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With all the prep work done, I was finally ready to COOK!  I heated up my pan for my chicken, and got my millet out to be toasted.  LOVE this grain.

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This range actually has a “simmer” setting for the burners – so cool!

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I seared the chicken in a hot pan until it had good browning on both sides, and then transferred it from the pan to a clean plate.

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I added the fennel and onions to the original chicken pan, and cooked them for about 5 minutes until they were soft.

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Then I added orange juice to the pan to deglaze, and added the chicken back into the pan to finish cooking, and topped it with orange segments. 

At this point, my roasted vegetable salad was done, so I pulled it out of the oven.  Last night during my test run at home, I used arugula as the wilted green, but I didn’t have any available at work.  I used loose leaf endive instead, and it worked like a charm!

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Cooking this meal by myself was definitely a lesson in multitasking – everything seemed to be ready and needing my attention all at the same time!  Once the millet was cooked, I added fresh thyme, grated parmesan cheese, lemon juice, and a little bit of butter – delicious!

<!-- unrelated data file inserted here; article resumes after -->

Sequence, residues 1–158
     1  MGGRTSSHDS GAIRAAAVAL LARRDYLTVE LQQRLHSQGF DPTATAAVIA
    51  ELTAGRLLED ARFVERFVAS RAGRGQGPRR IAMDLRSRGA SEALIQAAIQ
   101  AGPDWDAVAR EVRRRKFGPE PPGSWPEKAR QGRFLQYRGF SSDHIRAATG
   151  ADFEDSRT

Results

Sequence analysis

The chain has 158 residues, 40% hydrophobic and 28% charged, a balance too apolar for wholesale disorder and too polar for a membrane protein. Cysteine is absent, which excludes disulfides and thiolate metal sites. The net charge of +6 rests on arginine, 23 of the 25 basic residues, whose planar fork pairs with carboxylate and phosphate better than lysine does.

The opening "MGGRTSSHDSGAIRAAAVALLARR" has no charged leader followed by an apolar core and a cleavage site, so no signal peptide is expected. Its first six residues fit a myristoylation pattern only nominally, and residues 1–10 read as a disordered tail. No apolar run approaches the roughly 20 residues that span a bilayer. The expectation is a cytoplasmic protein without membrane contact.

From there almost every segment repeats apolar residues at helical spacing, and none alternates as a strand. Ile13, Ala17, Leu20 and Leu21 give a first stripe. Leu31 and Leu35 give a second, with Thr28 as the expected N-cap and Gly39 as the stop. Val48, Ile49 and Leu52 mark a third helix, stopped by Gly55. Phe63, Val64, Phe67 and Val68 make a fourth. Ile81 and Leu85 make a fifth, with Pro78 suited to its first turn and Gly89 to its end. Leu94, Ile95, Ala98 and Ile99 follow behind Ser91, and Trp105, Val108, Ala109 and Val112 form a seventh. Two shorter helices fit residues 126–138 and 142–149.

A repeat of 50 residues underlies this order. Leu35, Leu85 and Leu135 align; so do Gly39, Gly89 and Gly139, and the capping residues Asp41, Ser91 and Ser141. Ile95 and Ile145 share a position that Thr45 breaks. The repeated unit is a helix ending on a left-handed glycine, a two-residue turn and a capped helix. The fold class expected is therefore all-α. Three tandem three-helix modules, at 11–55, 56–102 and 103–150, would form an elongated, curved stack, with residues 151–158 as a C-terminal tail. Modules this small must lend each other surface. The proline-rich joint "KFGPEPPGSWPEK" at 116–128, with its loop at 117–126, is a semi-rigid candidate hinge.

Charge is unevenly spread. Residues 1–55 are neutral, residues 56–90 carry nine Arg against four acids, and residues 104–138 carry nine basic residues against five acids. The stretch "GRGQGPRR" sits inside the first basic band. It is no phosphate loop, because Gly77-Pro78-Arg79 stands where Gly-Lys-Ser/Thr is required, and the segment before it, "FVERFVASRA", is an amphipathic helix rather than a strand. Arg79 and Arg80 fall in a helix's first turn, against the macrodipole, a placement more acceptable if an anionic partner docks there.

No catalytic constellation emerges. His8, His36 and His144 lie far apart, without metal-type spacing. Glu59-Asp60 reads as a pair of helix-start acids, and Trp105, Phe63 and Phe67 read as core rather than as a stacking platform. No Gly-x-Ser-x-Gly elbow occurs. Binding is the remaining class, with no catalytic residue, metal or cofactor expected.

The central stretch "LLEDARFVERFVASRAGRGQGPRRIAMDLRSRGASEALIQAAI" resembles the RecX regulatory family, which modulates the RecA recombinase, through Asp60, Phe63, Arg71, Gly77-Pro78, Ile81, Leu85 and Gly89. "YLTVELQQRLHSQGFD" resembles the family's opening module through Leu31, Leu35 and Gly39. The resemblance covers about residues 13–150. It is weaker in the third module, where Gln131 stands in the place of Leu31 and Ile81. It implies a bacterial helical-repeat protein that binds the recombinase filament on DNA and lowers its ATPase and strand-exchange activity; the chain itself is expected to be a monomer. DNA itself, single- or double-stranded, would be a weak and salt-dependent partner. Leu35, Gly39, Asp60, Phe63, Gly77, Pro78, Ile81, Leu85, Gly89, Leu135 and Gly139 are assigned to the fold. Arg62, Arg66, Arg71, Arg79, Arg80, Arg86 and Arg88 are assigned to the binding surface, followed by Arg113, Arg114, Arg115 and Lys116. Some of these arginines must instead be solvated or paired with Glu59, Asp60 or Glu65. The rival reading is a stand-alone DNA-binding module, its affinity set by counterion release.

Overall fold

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I transferred the beet, carrot, and endive salad to a serving dish, and put it into the refrigerator with reheating instructions to be followed when the family was ready to eat dinner.

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Orange and fennel chicken, finished with fennel fronds on top.

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All three of these dishes were chosen by me, and were approved by the farm owner.  It’s great that I have so much creative freedom, as it will really let me focus on my areas of weakness, so that I can try ingredients and cooking techniques that are less familiar to me. 

Tomorrow I am heading into work in the afternoon, because I will be there until very late at night.  We have our first Farm to Table Community Dinner, and I will be acting as an assistant to Suzanne Dillingham, known as The Tiny Chef!  I am really excited to assist with this important event, and I am sure there is so much I can learn from Chef Dillingham.  Every day is something new, and it is all so much FUN!